Last week the Supreme Court heard oral arguments in support of and against the Affordable care act. The first day covered whether they could even rule on constitutionality of the Affordable Care Act now, or if they must wait until the law actually takes effect in 2014. There was discussion as to whether the Anti-injunction Act would apply to this situation. The Anti-injunction Act says that taxes cannot be challenged until they are actually enforced. The tone from the arguments and the court seems to be that the ACA is not a tax therefore unlikely that the Anti-injunction Act would apply.
The second day covered the much debated and controversial individual mandate. The Court deliberated whether Congress can require individuals to purchase insurance and whether they can impose a penalty on those that do not purchase health insurance. Some of the arguments in support of the individual mandate are that individuals should be required to buy into insurance when they are healthy, rather than just waiting until they are ill and then trying to obtain health insurance. This would further help preventative health, by encouraging healthy individuals to get preventive screenings to help insure they maintain their good health and prevent or catch potentially negative outcome earlier. Supporters of the individual mandate argue that Congress has the power to enforce the individual mandate under the Commerce Clause. Opponents to the individual mandate argue that it is unconstitutional for Congress to force people to purchase health insurance. There was also some discussion of whether if the Government forces citizens to purchase health insurance, than will this will allow them to force citizens to purchase other things in the future. There has been argument that if you allow Congress force people to purchase health insurance, that next they can force people to buy vegetables or health club memberships. However there is a clear difference. Everyone at some point in their life will need some type of health care.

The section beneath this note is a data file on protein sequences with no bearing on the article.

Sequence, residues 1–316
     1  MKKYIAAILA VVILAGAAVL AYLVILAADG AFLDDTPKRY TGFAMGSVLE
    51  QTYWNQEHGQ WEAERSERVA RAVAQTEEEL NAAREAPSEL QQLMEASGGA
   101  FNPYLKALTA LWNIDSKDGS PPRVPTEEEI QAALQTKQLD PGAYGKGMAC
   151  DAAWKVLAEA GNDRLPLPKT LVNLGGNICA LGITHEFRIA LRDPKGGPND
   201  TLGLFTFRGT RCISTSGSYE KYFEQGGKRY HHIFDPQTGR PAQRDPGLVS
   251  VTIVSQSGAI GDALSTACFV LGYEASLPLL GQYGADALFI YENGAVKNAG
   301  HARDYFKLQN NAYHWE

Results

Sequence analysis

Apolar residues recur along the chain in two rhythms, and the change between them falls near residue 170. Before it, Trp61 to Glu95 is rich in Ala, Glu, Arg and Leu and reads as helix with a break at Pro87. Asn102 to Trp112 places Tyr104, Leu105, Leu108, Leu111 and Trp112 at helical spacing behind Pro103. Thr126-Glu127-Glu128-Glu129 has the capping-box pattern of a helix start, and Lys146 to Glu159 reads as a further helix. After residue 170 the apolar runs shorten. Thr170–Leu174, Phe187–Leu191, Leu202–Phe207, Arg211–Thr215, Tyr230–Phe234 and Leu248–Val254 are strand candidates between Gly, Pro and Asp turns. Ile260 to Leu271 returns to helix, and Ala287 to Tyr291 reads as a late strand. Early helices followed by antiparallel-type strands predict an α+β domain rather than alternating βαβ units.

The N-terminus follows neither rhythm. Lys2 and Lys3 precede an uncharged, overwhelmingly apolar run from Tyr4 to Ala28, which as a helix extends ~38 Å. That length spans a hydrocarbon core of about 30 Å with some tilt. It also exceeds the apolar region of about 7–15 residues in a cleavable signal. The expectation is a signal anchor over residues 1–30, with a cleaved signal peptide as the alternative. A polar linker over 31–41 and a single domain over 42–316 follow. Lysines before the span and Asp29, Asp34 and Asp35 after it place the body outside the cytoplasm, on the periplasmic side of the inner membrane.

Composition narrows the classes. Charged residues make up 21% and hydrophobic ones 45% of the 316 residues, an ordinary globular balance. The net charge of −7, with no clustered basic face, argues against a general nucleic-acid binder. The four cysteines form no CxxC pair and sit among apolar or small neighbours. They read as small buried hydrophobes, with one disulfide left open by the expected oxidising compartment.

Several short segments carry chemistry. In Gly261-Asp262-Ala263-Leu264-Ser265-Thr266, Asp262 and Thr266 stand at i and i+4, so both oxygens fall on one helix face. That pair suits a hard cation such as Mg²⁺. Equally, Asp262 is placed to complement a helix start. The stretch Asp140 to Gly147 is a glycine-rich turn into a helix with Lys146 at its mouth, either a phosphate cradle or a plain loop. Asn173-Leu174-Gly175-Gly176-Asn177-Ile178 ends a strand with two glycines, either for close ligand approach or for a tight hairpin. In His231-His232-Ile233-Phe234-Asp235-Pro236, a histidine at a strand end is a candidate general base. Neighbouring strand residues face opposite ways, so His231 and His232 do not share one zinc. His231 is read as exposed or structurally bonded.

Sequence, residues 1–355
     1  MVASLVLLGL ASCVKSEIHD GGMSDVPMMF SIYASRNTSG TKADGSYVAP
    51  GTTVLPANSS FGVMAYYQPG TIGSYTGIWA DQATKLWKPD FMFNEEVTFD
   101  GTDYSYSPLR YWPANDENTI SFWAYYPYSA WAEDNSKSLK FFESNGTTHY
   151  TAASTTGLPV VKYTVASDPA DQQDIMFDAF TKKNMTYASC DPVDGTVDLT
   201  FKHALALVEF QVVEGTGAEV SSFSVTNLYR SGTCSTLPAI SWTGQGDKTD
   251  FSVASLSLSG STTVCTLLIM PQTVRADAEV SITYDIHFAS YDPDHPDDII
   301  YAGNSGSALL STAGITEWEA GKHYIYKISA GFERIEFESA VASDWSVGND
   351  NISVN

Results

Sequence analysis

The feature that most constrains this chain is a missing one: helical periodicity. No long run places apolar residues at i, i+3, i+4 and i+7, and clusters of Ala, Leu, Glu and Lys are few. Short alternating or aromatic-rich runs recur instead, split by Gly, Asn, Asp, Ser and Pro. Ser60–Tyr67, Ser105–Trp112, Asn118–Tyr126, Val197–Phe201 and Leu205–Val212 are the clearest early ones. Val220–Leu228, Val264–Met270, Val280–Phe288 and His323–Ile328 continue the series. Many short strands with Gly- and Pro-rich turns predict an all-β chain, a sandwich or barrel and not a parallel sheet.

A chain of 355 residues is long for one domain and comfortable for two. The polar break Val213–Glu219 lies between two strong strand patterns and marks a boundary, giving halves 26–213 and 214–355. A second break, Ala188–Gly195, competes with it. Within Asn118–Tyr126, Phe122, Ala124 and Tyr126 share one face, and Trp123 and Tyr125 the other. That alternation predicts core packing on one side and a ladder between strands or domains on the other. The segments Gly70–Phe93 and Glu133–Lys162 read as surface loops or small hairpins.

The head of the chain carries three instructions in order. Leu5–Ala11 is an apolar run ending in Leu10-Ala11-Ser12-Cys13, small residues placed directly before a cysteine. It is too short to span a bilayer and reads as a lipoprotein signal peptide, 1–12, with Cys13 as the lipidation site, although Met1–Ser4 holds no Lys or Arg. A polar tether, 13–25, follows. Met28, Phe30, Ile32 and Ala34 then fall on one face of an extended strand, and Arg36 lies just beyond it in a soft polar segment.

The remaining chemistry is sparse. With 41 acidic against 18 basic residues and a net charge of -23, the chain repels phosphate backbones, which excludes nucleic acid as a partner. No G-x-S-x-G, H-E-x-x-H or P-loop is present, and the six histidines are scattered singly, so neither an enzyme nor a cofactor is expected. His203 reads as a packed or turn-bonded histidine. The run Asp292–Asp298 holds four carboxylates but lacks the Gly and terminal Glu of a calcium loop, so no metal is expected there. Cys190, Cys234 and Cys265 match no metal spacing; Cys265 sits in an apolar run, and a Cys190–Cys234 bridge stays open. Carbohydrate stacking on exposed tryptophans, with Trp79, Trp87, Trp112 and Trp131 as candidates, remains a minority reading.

The last day of arguments covered the issue of if the Court does strike down the individual mandate, does it strike down the entire Affordable Care Act. There was some discussion that if they do strike down the individual mandate, it will be difficult to force insurers to ensure everyone, even those with preexisting conditions can obtain health insurance. However they did feel that some of the provisions may be upheld.
The last day also included discussions of whether expansion of the Medicaid program under the Affordable Care Act will encroach on the rights of the States. There were arguments that this provision coerces states to comply by giving them an offer they can’t refuse
After the 3 days of oral arguments, the Justices met to cast preliminary votes, but the final decision will not be made public until June.
Supreme Court Hears Oral Arguments on Health Care Law, http://www.jdsupra.com/post/documentViewer.aspx?fid=62b55af7-cb87-4e7a-aa4f-d958a7287521
Transcripts from Day 1 Supreme Court Oral Arguments on Health Care Law, http://www.nationaljournal.com/healthcare/transcript-day-1-supreme-court-oral-arguments-on-health-care-law-20120326
Transcripts from Day Two of Supreme Court Oral Arguments on Health Care Law, http://nationaljournal.com/healthcare/transcripts-from-day-two-of-supreme-court-oral-arguments-on-health-care-law-20120327
Transcripts from Day Three of Supreme Court Oral Arguments on Health Care Law, http://www.nationaljournal.com/healthcare/transcripts-from-day-three-of-supreme-court-oral-arguments-on-health-care-law-20120328
Transcripts from Day Three of Supreme Court Arguments, Part Two, http://nationaljournal.com/healthcare/transcripts-from-day-three-of-supreme-court-arguments-part-two-20120328?mrefid=site_search
Vicini, J. U.S. Supreme Court Takes up Healthcare in Secrecy, http://www.medscape.com/viewarticle/761316